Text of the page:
Winrate is the easiest metric to get on a player and certainly the easiest to understand. But is it really a reliable measure of a players skill and if so, what other information can we glean from it? After all, in random battles you are only one player on a team of twelve and the carry potential, even on carriers, can’t solely win a match. So lets looks at some of the numbers.

As a measure of how often a player’s team wins battles by percentage, winrate should have some correlation with a players ability to have an impact on other skill metrics, such as their ability to do damage (accuracy & average damage) and their ability to survive and indeed it does. In Figure 1, the correlations between these figures and winrate are significant. This means that the probability that they are occurring by chance is very low, in this case less than .1%. As a point of note, the highest correlation for winrate is to Survival Percentage with a p value of .432, which given the factors involved and the sample size used for this analysis, is pretty good. What this means, in short, the more often that you survive in a given battle, the better your chance of winning. This makes sense doesn’t it? By surviving, you are more likely to have an effect on the outcome of any given battle. Further, the next highest worth noting, though not the numerical next highest, is average damage per battle (DmgperBattle) at .292. This is important because if we look at what is strongly correlated with survival, the highest value is with Damage at .472. Again, this makes sense as the longer you survive, the more damage you are able to do. These 3 metrics, winrate, survival and average damage, are the three best indicators of a players skill when looked at together. Quite a bit more can be drawn when assessing those three metrics but those might be a topic for another article. In the meanwhile, let me explain why Main battery accuracy isn’t as important as Damage.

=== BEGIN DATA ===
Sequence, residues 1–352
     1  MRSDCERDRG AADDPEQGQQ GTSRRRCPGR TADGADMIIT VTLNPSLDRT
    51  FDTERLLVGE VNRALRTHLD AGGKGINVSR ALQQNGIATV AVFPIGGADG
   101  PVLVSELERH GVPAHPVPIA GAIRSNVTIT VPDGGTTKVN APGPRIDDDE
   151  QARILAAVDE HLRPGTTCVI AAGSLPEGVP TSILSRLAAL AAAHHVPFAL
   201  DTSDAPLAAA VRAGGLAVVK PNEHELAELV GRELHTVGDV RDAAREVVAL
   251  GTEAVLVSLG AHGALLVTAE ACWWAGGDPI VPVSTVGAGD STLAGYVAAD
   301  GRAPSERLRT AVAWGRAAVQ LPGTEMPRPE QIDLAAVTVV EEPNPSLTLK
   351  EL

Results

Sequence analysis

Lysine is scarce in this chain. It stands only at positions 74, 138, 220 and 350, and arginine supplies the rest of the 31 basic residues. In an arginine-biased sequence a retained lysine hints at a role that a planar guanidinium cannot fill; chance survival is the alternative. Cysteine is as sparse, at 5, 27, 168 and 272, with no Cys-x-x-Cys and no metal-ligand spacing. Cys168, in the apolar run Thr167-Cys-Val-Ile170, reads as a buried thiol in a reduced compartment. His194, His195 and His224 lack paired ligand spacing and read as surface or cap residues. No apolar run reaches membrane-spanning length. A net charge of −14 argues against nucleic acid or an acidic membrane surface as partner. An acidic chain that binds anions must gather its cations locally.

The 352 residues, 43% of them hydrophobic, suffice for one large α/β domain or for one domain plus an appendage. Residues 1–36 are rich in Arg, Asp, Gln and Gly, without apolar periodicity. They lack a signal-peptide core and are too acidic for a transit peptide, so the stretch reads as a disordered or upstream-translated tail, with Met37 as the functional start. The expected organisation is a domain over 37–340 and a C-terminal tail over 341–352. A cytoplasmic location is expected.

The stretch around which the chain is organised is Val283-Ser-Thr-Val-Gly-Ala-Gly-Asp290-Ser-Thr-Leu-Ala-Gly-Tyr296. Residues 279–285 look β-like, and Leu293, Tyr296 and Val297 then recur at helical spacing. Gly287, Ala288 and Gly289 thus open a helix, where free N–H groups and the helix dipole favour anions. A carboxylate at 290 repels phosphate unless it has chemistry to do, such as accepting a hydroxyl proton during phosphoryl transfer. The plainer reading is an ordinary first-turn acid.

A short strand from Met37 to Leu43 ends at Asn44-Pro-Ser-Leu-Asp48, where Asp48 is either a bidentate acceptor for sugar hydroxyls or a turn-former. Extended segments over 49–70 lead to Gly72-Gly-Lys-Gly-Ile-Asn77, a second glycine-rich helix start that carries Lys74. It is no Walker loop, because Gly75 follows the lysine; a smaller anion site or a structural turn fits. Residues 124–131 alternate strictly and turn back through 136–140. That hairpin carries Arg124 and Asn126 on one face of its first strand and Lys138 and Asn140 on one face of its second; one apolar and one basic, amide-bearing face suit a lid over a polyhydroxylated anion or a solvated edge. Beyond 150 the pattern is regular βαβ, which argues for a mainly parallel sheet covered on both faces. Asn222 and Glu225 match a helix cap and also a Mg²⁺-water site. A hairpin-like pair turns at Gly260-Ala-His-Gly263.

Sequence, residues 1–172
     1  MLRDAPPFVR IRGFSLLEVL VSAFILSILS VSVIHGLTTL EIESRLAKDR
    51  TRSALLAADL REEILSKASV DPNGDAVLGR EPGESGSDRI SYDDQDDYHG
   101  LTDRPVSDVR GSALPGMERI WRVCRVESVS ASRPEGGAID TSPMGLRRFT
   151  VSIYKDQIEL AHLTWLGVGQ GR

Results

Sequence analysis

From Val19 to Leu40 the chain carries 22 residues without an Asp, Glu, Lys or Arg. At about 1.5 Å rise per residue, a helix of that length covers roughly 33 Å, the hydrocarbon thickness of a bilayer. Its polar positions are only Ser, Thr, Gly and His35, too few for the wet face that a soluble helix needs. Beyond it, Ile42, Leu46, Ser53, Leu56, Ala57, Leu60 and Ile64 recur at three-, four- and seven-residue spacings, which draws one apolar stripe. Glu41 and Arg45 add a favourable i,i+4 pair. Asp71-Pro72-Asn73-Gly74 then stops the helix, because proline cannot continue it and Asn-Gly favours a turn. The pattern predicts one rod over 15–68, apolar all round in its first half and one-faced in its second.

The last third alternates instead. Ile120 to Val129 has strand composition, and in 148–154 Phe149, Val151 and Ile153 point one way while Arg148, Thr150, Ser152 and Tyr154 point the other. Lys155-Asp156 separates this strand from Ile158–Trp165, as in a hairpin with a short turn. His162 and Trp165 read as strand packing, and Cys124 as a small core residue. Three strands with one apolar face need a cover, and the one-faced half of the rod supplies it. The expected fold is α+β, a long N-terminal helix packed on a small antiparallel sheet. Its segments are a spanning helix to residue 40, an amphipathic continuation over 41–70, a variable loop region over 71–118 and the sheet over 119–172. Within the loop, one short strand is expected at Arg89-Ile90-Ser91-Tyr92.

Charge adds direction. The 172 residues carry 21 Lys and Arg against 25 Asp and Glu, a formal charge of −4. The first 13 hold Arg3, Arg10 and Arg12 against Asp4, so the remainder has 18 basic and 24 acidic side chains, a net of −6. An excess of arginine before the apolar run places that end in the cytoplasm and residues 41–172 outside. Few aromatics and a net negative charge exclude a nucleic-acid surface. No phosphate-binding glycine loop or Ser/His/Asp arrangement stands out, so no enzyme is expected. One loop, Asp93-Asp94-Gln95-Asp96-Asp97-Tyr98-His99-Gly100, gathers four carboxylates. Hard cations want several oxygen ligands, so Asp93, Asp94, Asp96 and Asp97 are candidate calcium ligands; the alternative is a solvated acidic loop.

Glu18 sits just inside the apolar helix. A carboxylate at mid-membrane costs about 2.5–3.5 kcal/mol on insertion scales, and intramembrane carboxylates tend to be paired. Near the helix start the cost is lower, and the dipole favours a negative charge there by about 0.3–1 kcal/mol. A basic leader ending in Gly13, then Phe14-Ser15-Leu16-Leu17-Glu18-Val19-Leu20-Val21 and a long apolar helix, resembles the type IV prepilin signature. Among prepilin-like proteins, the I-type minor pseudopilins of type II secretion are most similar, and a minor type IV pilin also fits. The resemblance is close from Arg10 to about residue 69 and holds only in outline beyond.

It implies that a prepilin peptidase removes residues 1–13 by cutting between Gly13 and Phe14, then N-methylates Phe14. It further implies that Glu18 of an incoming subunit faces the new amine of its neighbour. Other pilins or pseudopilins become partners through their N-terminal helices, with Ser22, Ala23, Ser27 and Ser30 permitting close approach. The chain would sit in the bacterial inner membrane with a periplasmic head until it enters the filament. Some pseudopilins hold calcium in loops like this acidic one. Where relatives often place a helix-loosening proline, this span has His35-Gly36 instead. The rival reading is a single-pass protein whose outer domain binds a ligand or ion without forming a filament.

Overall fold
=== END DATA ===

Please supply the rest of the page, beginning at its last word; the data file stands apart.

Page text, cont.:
Though there is not a strong (though significant) correlation between main battery accuracy and damage, the correlation between accuracy and survival is negative. This means, the higher your accuracy, the more likely you are to die. To me, this is explainable due to the simple fact that the closer you get to the enemy, the more likely your shots are to hit the target. This also usually means that you are within their secondary and or torpedo range as well as being closer to the rest of their fleet. These we usually call yolo rushes and have all seen how they end – with a quick trip back to port, hence the negative correlation. Sure, other conclusions can be drawn, but this is the most likely.

Other things to consider when looking at winrate is whether or not the players winrate is increasing as this can be a decent indicator of improvement. It’s also worth noting that, if you are to look at an individuals winrate in a specific ship, anything less than 25 to even 50 battles, depending on the skill ceiling of that ship, may not be enough to accurately assess their skill with that ship. Similarly, if you are to view a players overall winrate, I would say anything less than 1,000 to 1,500 battles will not give you a decent indicator but only show you that they are still learning (or have a second account if the WR is really high).

As discussed in a thread created by LittleWhiteMouse ^{1} on the NA forums, you are in control of your winrate. Sure you can boost your chances with competent division mates, but as 1/12 of your team, you can make a difference. Understanding the fundamental mechanics of the game, your ships full range of capabilities as well as your own can help you get the most out of a battle. Not sailing or acting recklessly, but rather setting up or sailing in a more calculated manner will help you survive longer thus allowing you to inflict more damage to the enemy. This leads to wins and being able to perform the acts of doing lots of damage and staying alive while doing so is an indicator of skill.

As a final note, in the figure below there is a decent correlation between AvgMainShots (average shots fired) and winrate, but most significant is the correlation between damage and Average shots fired. Simply put, the more shots you actually take, the more damage you are likely to do. Failing to use those guns, especially for destroyers, can in some cases, lead to a loss. So keep up the bombardment and remember – have fun!